The first 100% eco-friendly battery was made from a plant

The newly formed Rajasthan-based Aloe Ecell company in India has developed the world’s first 100% environmentally friendly and non-hazardous 1.5V AA and AAA batteries using the miraculous aloe vera. The technology converts the chemical energy inside the aloe plant into electricity.

The start-up has replaced the toxic and dangerous chemicals in standard batteries with plant electrolyte. These batteries do not pollute the soil, water or air, as no hazardous metals such as lead and mercury are used.

In addition, they are not dangerous to explode, as there are no electrolytes such as potassium hydroxide. Their production cost is 10% lower and the newly established company claims that its batteries last 50% longer than the corresponding normal dry cell batteries, a rather interesting element that adds to their “green” profile.

Batteries provide clean, green energy and can be easily disposed of without compromising on landfills and causing pollution or fire hazard. This not only helps the environment, but has the potential to provide many farmers with a regular income, while also helping the economy.

Aloe vera is widely recognized as an ingredient in moisturizers, as it has been shown to be beneficial for our skin, and is used as a natural remedy for various ailments, but now it seems that this soothing cactus-like plant can also generate electricity and power batteries.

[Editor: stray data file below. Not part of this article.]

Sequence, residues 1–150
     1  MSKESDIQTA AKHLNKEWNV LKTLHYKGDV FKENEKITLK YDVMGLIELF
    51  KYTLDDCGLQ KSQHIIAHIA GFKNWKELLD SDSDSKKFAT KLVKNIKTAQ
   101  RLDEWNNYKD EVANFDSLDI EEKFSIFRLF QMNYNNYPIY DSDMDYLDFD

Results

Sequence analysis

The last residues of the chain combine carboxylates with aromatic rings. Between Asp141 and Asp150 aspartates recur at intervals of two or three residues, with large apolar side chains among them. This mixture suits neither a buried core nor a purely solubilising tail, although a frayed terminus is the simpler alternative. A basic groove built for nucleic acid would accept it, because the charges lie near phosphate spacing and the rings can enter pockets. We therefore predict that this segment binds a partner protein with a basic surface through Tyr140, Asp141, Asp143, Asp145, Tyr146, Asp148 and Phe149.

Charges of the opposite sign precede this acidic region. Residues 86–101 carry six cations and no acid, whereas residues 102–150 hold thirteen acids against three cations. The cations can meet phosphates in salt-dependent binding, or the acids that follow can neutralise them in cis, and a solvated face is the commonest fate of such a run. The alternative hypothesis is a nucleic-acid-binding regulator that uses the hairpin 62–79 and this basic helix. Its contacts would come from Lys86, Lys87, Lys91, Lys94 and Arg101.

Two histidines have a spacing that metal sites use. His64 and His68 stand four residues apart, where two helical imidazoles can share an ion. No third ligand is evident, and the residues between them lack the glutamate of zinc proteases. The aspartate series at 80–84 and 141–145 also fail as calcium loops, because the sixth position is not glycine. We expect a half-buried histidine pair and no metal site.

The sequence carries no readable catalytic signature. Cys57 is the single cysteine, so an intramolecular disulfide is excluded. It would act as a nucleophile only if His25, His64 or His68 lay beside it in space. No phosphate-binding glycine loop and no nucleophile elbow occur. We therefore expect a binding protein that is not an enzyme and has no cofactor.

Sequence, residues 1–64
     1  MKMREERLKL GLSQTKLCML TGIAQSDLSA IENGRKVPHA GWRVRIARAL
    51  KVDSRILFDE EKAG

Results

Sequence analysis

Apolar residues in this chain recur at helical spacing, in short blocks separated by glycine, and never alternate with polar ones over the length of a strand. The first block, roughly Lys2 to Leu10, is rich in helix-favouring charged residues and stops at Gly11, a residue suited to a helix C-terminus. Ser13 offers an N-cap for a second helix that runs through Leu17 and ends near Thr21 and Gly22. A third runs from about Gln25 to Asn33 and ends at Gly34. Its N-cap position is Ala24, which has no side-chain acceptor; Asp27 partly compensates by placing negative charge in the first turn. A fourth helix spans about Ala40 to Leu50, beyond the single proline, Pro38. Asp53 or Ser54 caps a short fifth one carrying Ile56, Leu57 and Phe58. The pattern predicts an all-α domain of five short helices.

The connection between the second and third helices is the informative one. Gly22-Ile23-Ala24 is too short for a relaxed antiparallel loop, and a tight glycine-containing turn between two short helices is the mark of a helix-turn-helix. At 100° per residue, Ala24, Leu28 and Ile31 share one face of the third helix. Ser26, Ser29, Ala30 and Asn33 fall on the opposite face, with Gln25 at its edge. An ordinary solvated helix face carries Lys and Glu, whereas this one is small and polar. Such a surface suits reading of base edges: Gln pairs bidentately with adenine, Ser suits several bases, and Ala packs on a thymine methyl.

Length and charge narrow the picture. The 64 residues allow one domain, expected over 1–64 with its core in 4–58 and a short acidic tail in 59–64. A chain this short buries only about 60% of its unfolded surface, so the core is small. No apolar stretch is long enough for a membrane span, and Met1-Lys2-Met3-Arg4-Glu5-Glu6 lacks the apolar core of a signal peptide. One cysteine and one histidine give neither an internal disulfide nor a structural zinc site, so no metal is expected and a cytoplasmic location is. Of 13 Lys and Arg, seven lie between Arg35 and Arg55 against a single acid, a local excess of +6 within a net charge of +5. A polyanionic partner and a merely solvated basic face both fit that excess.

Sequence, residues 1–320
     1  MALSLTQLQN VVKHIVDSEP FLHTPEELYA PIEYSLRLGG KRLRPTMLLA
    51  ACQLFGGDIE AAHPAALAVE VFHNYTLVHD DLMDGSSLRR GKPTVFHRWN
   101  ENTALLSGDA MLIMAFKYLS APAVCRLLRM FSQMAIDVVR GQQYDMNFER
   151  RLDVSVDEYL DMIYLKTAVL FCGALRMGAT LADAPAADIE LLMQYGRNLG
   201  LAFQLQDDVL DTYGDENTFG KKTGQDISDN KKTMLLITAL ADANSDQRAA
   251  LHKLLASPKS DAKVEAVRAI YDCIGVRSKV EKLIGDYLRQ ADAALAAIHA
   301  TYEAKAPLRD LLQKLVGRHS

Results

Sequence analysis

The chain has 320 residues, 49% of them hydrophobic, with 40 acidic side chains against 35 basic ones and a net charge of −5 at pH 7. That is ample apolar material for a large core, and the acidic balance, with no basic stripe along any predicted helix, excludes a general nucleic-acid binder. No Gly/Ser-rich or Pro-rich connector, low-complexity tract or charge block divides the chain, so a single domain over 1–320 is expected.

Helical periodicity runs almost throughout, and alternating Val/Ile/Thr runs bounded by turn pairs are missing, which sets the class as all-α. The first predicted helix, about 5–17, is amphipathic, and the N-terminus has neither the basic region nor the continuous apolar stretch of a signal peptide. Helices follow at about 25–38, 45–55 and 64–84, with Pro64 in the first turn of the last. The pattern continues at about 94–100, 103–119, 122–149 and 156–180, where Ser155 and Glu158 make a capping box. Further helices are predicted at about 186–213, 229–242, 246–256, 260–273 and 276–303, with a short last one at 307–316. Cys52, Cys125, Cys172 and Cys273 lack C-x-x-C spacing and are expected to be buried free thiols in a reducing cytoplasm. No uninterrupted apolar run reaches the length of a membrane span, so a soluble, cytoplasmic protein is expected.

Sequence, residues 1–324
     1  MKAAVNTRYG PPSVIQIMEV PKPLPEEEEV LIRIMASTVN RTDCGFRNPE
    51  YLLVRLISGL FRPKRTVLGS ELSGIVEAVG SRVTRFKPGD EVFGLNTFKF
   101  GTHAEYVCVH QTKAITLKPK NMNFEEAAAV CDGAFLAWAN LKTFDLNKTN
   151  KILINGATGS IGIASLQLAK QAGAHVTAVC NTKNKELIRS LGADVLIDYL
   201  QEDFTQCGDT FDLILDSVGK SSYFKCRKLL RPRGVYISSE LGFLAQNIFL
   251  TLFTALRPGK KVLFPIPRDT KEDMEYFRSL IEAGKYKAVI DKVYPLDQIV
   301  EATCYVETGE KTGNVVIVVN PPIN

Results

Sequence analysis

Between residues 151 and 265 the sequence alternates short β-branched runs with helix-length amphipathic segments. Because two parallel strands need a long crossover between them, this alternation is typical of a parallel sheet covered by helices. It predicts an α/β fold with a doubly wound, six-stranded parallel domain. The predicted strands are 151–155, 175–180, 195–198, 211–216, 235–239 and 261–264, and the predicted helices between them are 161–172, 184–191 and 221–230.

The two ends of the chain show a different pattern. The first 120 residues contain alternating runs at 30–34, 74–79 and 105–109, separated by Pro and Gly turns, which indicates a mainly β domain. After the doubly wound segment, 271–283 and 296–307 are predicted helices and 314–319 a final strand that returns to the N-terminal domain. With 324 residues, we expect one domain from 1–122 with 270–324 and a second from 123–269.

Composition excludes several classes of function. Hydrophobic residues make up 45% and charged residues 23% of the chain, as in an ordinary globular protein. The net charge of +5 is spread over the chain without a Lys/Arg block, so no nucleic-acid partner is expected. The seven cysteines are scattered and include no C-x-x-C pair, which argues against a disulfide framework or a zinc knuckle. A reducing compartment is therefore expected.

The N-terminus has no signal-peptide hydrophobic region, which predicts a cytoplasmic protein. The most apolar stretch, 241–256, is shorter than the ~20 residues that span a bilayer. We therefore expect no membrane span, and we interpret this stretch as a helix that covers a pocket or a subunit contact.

This innovative technology has already won several important awards and will be part of the top eight start-ups from around the world at the Innovation 2021 Summit that started on June 29 in Barcelona.

Graduate engineers Nimisha Varma from Lucknow and Naveen Suman from Bundi, Rajasthan, took the aloe vera extract and added a few more herbal ingredients used in beauty products and medicines to make a battery electrolyte.

“It’s time to turn green. “Aloe vera is known to cure, but we have found a method of generating electricity from the chemical energy of aloe and some other plant ingredients,” Nimisha said in an interview with TOI from Spain.

But how did they come up with the original idea? “We wanted to do something about waste management. During the investigation, we found that the batteries used in everyday life are dangerous. They are one of the largest electronic wastes and primary causes of diseases. “It was then that we found a green energy solution by developing aloe batteries,” Nimisha explained.

The green idea was selected earlier by the US embassy for development and implementation. According to Nimisha, aloe batteries do not explode and can therefore be used safely on watches, toys and remote controls. These batteries can power low, medium and high conductivity devices.

The technology has not yet been patented, but the manufacturers say the average cost of these batteries will be around 9-10 rupees (0.11 euros / $ 0.13) per unit in India. We hope to soon become the first choice in the world in the use of battery for all consumers.


Source: Εναλλακτική Δράση by

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